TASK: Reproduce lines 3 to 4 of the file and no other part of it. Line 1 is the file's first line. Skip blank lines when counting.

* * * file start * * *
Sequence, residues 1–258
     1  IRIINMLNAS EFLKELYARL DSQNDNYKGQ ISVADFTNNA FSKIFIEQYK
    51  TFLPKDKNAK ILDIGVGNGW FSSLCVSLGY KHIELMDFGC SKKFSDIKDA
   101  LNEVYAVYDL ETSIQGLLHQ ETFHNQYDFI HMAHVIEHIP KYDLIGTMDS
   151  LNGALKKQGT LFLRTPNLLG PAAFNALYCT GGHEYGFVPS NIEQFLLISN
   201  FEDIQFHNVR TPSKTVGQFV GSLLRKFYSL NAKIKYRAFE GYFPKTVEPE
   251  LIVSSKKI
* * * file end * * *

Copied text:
    51  TFLPKDKNAK ILDIGVGNGW FSSLCVSLGY KHIELMDFGC SKKFSDIKDA
   101  LNEVYAVYDL ETSIQGLLHQ ETFHNQYDFI HMAHVIEHIP KYDLIGTMDS